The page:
It is being reported by multiple media outlets that former presidential candidate Ralph Nader “is calling for the elimination of college athletic scholarships, saying the move is necessary to ‘de-professionalize’ college athletes.” Though almost completely absent of detail, the Associated Press story (they have obtained a copy prior to the official release) notes the following:
Nader argues that his plan would also help reduce the “win-at-all-costs” mentality in high schools, by reducing the incentive of college scholarships.
Additionally the piece notes:
Nader’s League of Fans, a group aimed at reforming sports, proposes that the scholarships be replaced with need-based financial aid. He says that would help restore academic integrity to college sports.
Now in fairness to Nader the context of such a statement demands self-control of the public. There could be qualifying stipulations to the argument which would not marginalize a segment of our nation’s students.
Yet there is something to be gleaned from the sparse information at hand.
First, the use of “win-at-all-costs” seems to present itself an unfair generalization of high school athletics in general. I will use football as an example.
Atlantic Coast High School was recently opened in my Jacksonville, Florida neighborhood. One of the most prominent additions that the school brought with it was a successful and well-respected football coach by the name of Kevin Sullivan. Coach Sullivan had spent the previous 11 seasons with inner-city Jackson High School, leading them to a 93-33 record over that time.
Earlier this year Sullivan was nominated for the NFL’s first annual Don Shula Coach of the Year award. St. Augustine High School coach, Joe Wiles, offered his opinion on Sullivan.
Kevin is very deserving. He does a lot with underprivileged kids and really goes out of his way. He’s relentless about getting his players into college, so that they can lead better lives. He’s always been a guy that is incredibly unselfish and all about his kids.
I am not so naive to believe that any coach is a Christ figure and may not, at times, make a decision which might lean a bit towards Nader’s qualification, but I have experienced Sullivan first hand and his philosophy is considerably student before athlete.
Should we think for one second that he is alone? What of the 28 other nominees, much less Ray Seals from Madison High School in Houston, Texas, the coach that actually won the Coach of the Year award? It is clearly unfair to diminish the accomplishments of these and other great men, and women, based on the abuses of others.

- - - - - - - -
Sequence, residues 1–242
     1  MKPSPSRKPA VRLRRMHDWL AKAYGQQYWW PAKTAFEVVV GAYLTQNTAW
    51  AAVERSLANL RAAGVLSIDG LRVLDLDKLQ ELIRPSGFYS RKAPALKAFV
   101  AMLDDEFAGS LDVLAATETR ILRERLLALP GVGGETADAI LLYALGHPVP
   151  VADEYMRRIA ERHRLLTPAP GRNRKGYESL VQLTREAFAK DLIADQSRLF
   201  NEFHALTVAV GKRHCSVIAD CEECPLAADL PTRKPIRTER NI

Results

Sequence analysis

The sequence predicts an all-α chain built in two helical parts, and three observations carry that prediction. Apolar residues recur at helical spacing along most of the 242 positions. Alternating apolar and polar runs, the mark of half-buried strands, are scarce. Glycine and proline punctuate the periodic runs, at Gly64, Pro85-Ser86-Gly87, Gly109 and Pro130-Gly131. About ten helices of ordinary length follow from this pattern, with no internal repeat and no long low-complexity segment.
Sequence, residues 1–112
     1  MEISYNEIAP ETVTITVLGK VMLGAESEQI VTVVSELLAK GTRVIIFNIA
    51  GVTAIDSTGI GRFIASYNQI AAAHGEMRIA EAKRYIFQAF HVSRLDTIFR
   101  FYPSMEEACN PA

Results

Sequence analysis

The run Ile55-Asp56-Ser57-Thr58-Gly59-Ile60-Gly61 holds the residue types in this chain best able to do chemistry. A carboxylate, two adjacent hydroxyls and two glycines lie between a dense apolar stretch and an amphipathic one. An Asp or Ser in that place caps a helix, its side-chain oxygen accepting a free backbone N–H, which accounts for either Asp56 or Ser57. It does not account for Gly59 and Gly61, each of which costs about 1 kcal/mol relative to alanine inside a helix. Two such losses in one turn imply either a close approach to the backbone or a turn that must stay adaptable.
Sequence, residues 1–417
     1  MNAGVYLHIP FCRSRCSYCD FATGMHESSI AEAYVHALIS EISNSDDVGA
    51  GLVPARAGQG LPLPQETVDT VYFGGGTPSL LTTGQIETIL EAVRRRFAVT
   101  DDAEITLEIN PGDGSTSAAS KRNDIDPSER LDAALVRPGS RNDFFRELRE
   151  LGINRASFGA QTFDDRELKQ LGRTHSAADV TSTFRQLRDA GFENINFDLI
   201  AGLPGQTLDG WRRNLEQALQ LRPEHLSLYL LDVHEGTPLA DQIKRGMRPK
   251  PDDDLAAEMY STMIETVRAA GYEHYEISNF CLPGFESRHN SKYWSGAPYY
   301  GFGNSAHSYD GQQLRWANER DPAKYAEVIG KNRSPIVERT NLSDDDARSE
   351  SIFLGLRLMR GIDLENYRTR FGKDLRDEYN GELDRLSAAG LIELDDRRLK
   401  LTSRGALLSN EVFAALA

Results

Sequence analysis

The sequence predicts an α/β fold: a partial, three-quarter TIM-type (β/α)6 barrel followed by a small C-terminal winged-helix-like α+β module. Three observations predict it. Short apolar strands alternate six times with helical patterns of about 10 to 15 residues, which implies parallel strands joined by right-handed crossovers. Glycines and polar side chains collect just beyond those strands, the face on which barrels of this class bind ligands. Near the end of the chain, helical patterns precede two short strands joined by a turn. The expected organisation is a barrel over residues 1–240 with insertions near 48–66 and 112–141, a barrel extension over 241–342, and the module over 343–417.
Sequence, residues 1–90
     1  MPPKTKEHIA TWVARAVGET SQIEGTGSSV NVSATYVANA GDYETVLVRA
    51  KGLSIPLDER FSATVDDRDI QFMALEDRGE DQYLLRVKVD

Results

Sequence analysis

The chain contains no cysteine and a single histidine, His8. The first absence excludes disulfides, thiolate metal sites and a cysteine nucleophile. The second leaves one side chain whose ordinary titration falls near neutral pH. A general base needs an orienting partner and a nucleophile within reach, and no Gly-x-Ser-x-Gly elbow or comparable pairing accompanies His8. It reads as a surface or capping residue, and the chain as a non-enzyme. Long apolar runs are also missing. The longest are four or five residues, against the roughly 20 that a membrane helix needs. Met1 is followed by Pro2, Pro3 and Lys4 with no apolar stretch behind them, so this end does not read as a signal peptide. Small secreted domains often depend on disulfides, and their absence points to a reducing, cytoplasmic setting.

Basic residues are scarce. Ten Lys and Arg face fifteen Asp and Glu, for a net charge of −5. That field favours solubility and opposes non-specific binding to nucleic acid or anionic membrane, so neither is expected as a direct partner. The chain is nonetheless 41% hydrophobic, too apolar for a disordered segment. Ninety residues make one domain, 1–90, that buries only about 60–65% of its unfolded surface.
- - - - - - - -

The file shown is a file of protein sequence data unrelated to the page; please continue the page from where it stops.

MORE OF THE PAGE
Next is the correlation between the “need” to win at the high school level and the “professional” atmosphere of college athletics. While it might look good on a coaches resume to “win-at-all-costs,” it does not necessarily follow that said coach’s focus is on getting players to the next level. A coach could just as easily sit a star player in favor of another due to personal issues and still win.
Simply put, if the coach puts the coach first there is no “incentive” beyond the want to win at the high school level.
Moving our inquiry into the collegiate realm, would Nader have us believe that ever sport at every level is run in a “professional” mind-set? What of those which do not have a payday after college like field hockey, soccer or swimming? There is certainly a degree of anticipation regarding whether Nader will group athletics at the NCAA Div-1 and Div-2 level with NAIA (National Association of Intercollegiate Athletics) Div-1\2 and NJCAA (National Junior College Athletic Association) schools.
He may simply be riding the March Madness wave, but his actual targets may be disclosed in a quote from this piece:
…it’s time we step back and finally address the myth of amateurism surrounding big-time college football and basketball in this country.
Lastly, the students themselves may be the most interesting component of his proposition. Beyond the perception that Nader is framing all coaches of all sports as a problem there exists the limitation on the kids. For some, even those who might not qualify for “need-based financial aid,” the only means of attending college is through athletic scholarships.
Since Nader’s attempt is to put a greater focus on academics we should assume his position accounts for that. NCAA D-3 schools, who do not offer athletic scholarships, do offer aid for those students being recruited for athletics in the form of grants and other scholarships.
Yet even in the D-3 example the act of playing a sport still rewards the player and thereby elevates high school athletics.
It may be the case that I am simply criticizing The Last Temptations of Christ without actually seeing it. Let me be clear that it is not my purpose to render any decision.
When I first saw the release my first reaction was to applaud him for taking a stand. It would be disingenuous of us to ignore the bloated self-worth that college football and basketball carry as a proud standard, but does that warrant eliminating scholarships for all sports?
It is fair to wonder just how Nader might plan to accomplish this cleansing. At the very least I think these questions warrant answers if he is going to win us over.